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Implement Water Stewardship Practices

Water is a precious shared resource with high social, cultural, environmental and economic value.

Access to water is important to the wellbeing and livelihoods of us all and the spiritual and cultural practices of many communities. It is also essential to the ecosystems upon which we depend. Water challenges are increasing around the world. The Earth’s freshwater resources are finite and under pressure from industrialisation, urbanisation, climate change and a growing global population. Already, as many as 1.2 billion people live in areas of water scarcity, with many experts predicting that global water demand will exceed supply by 40 per cent as early as 2030.

As freshwater becomes increasingly scarce, and competition for resources grows, the ways in which we plan, manage and monitor its usage are ever more important. The mining and metals industry recognises that it is one of the most water-intensive industries. In 2020, water scarcity was recognised as the greatest risk to the industry according to investors (Fitch Ratings).

A secure and stable long-term supply is essential to the mining process. It is also a critical intersectional issue for the mining sector, linking operations to the surrounding catchment and neighbouring communities. Mining activities have a significant influence on the quality and quantity of water resources. As such, there is increasing demand for transparency and disclosure on water use and management.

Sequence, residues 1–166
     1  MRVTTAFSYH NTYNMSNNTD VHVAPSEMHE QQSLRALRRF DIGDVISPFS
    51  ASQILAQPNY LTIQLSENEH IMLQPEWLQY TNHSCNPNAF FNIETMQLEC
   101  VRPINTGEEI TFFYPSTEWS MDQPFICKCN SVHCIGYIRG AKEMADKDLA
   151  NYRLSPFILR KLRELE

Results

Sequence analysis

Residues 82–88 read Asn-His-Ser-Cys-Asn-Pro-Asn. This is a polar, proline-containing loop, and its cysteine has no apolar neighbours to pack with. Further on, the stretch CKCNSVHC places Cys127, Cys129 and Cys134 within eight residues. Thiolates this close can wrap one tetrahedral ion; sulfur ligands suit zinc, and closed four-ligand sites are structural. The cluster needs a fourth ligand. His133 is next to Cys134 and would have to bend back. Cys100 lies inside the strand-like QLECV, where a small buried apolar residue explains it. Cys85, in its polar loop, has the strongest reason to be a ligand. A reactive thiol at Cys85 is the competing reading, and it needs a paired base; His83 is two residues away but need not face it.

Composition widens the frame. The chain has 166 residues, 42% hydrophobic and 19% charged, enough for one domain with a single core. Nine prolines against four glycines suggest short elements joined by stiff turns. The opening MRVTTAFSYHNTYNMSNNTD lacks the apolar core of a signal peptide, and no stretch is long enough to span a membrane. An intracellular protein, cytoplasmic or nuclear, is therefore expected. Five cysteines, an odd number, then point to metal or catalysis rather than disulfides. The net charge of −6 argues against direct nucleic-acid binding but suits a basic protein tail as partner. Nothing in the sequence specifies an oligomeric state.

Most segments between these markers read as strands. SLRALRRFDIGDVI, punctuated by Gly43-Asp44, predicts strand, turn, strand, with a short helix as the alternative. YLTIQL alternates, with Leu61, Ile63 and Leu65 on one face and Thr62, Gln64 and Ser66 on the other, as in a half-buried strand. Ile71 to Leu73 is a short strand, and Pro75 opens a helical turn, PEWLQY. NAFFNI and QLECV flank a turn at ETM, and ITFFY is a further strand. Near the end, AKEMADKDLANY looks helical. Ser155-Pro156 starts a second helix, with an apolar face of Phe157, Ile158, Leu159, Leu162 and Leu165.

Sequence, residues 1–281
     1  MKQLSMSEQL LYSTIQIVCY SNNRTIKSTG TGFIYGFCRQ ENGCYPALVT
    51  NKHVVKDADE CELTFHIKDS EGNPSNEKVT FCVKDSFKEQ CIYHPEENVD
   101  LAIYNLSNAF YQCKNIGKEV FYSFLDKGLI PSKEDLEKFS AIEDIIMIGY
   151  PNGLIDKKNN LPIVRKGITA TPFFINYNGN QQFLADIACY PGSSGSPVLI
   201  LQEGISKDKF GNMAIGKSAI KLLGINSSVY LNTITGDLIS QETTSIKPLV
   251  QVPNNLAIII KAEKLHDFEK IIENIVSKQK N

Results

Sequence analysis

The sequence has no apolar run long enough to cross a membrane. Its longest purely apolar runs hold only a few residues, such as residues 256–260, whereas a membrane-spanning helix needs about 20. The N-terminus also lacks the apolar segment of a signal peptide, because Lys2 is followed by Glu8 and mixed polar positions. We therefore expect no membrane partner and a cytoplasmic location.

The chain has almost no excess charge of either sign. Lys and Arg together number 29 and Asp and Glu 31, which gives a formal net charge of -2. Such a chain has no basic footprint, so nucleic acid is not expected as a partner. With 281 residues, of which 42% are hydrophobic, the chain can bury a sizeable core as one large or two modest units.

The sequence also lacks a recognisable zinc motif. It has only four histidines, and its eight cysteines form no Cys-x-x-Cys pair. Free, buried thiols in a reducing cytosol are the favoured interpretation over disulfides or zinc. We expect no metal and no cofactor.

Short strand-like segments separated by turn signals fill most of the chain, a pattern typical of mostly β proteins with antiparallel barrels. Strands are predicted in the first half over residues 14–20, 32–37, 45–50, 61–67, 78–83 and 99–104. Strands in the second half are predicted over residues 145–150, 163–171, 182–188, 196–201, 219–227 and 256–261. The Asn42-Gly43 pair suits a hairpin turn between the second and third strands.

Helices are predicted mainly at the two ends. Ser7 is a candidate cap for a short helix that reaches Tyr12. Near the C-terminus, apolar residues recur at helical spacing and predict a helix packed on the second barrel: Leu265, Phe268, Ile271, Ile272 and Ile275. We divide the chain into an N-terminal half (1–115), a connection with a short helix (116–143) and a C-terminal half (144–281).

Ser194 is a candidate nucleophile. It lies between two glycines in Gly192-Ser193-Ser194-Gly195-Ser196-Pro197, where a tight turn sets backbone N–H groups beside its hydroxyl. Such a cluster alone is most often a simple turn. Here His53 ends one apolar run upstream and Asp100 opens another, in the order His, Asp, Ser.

Adopting a Catchment-Based Approach

Effective water solutions require collaboration between governments, civil society, communities and the private sector. The mining and metals industry, as a significant water user, has an important role to play in the sustainable management of water resources in the locations where companies are active.

Water stewardship requires a management approach based on finding solutions that work for the business and those other water users. Central to our stewardship strategy, the ICMM Water Stewardship Framework, which includes practical guidance, adopts a catchment-based approach to water management. This method seeks to develop a holistic understanding of the needs, concerns and priorities of all water users across an entire catchment area – which may be purely geographical, a physical water basin, or encompass a broader socio-economic area of influence.

Access to water is integral to human wellbeing, the spiritual and cultural practices of many communities, and the healthy functioning of the environment. Water is also critical to many economic activities, including the safe and effective provision of the minerals and metals we use in everyday life.

Historically, the mining and metals industry has approached water management primarily as an operational issue. Yet even the most water-efficient operation is vulnerable to water risks when the needs of other water users – including local communities, other industries and ecosystems in the catchment – are not considered. These external demands will inevitably affect access to water.

A more inclusive approach encourages a broader understanding of how competing demands on water resources can create insecurities, which, if not appropriately managed, may in turn lead to conflict. The ICMM Water Stewardship Framework outlines a standardised approach to water stewardship for the mining and metals industry, recognising that water connects an operation to the surrounding landscape and communities.